Pedagogy and Place: 100 Years of Architecture Education at Yale, by Robert A.M. Stern and Jimmy Stamp. Yale University Press, May 2016, 668 pages, $100.

If you want to know the history of the Yale School of Architecture, you’d be hard pressed to ask anyone more knowledgeable than Robert A.M. Stern, its dean from 1998 until this past July. Published to mark the 100th anniversary of the first class to graduate from Yale’s professional program in 1916, Pedagogy and Place is a tribute from the erudite and prolific author to his alma mater and academic home for the last 18 years. Written in collaboration with Jimmy Stamp, whose witty musings on architecture have appeared in The Guardian, Smithsonian, and Wired, its 668 pages make it a weighty tome. Fortunately the weight is leavened, despite the pedantic title, by unexpectedly lively text and carefully curated archival images. Given the visual nature of the subject, it’s disappointing there aren’t more.

Organized in 10 chronological chapters, Pedagogy begins with an account of Yale’s early attempts to emulate the Ecole des Beaux Arts. Subsequent chapters describe the surprisingly slow shift to Bauhaus-inspired modernism, then to Brutalism, Postmodernism, and all that has followed, including a downward slide in the school’s reputation prior to Stern’s arrival as dean.

The extensively researched narrative includes stories of both the school and the people who shaped it. The star-studded roster of deans, professors, studio critics, and students includes Raymond Hood, George Howe, Eero Saarinen, Paul Rudolph, Louis Kahn, Vincent Scully, Richard Rogers, Norman Foster, Charles Gwathmey, Charles Moore, Zaha Hadid, and Deborah Berke (the new dean of the architecture school), to mention just a few.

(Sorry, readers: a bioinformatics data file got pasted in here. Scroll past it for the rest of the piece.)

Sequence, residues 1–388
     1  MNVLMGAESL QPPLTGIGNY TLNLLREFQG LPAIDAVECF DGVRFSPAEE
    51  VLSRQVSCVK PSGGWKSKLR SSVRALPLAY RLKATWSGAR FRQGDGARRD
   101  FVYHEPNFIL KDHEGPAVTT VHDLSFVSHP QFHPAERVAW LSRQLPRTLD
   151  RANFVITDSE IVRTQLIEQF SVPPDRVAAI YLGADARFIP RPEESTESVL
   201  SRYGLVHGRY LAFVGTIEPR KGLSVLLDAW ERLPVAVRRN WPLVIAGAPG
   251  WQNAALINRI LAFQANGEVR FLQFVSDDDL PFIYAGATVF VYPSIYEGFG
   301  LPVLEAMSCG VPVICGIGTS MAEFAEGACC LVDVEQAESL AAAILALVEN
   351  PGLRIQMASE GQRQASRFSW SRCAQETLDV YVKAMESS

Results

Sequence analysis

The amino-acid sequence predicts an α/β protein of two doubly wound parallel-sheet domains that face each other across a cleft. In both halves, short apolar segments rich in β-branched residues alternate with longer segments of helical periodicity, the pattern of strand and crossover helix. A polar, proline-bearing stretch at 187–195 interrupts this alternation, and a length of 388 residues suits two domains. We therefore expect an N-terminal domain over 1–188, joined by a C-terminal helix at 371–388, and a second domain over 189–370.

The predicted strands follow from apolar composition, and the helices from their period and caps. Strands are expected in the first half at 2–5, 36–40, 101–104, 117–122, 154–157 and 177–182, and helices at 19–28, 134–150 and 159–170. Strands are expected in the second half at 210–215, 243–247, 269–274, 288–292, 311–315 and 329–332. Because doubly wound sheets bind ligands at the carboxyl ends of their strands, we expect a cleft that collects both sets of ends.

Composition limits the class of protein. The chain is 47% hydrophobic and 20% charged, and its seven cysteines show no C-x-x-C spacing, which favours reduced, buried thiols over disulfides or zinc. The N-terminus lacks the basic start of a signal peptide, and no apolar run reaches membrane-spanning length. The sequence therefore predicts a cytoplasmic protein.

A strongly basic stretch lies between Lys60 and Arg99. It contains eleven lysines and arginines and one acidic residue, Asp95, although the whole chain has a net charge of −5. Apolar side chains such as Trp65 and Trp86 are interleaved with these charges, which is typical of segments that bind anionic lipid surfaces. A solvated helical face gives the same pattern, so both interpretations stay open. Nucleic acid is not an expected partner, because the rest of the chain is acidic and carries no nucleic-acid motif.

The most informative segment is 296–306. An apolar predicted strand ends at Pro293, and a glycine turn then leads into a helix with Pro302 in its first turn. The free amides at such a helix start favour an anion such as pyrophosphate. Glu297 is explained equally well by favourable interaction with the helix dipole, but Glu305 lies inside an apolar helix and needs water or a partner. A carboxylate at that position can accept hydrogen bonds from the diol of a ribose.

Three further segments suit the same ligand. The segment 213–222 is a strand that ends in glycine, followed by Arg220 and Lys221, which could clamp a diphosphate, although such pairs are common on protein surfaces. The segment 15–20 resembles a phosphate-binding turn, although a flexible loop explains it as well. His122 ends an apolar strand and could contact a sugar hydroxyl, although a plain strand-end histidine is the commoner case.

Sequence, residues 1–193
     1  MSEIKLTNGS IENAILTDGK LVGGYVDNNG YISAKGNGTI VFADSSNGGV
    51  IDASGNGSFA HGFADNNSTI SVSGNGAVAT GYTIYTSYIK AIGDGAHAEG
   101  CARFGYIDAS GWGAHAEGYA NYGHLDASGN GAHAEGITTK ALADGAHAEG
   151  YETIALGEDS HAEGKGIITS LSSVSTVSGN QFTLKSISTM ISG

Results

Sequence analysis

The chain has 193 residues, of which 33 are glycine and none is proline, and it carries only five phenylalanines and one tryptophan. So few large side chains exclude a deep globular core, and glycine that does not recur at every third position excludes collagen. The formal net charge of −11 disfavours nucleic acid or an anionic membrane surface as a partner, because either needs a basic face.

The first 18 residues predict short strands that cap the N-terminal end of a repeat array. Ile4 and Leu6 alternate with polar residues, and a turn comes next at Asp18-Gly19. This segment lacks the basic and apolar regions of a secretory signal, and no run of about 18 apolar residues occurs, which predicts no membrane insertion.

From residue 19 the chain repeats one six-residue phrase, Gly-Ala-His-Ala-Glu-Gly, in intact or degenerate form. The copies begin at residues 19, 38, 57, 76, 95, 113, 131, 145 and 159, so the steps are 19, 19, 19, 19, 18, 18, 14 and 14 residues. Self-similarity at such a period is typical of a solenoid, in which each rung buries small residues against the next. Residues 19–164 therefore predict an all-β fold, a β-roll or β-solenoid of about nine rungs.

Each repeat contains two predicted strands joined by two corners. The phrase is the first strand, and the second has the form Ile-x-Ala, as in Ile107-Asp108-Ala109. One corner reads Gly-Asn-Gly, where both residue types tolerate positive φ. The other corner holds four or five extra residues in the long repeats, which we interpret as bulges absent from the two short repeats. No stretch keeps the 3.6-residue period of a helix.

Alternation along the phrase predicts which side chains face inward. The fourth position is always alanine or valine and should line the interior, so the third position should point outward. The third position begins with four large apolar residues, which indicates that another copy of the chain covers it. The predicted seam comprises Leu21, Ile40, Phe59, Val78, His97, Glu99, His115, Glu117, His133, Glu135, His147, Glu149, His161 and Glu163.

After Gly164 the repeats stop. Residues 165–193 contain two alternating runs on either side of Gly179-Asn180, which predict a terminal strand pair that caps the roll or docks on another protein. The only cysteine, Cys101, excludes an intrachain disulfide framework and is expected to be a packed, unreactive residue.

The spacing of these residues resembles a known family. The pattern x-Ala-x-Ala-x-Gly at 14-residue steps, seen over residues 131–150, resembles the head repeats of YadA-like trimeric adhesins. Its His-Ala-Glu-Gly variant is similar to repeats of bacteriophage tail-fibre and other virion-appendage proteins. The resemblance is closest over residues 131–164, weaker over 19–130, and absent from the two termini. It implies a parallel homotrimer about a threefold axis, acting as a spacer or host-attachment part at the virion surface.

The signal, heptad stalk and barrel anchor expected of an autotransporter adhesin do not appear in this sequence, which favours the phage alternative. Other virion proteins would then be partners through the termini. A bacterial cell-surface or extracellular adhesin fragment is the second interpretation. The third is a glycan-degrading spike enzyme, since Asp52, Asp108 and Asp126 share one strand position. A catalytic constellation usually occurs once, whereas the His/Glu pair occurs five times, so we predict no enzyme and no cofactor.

The chapters spanning the ’60s are especially noteworthy. “A Time of Heroics, 1958–1965” chronicles Rudolph’s contributions as professor and chairman, as well as architect of the controversial Art & Architecture Building. “Architecture or Revolution, 1965–1971” describes Moore’s iconoclastic reaction to Rudolph’s formalism. Among the more entertaining passages is an account of Moore’s attempt to de-emphasize Yale’s traditional ties to New York where, he complained, “the profession was addicted to glamour . . . the New York offices would come recruiting at Yale . . . and I would say ‘Don’t you go to Pratt and to Cooper Union and to schools around New York?’ and they would say, ‘We get our draughtsmen from there. We come to Yale for our future partners.’ ”

In the final chapter, Stern reflects candidly on his years as dean. He remembers the disdain —from modernists who feared he might turn Yale into a bastion of historicism—that initially greeted his appointment, but the success of his tenure has largely silenced his critics. He sidestepped the style wars by assembling a faculty that mixed cutting-edge practitioners like Frank Gehry, Peter Eisenman, and Greg Lynn with classically minded colleagues such as Leon Krier and Demetri Porphyrios. He also put the school on firm financial footing, renovated the derelict A&A Building, upgraded the quality of both students and teachers, and established a curriculum that stresses fundamental principles, thereby giving Yale’s previously tarnished reputation an impressive new luster. It’s a noble legacy.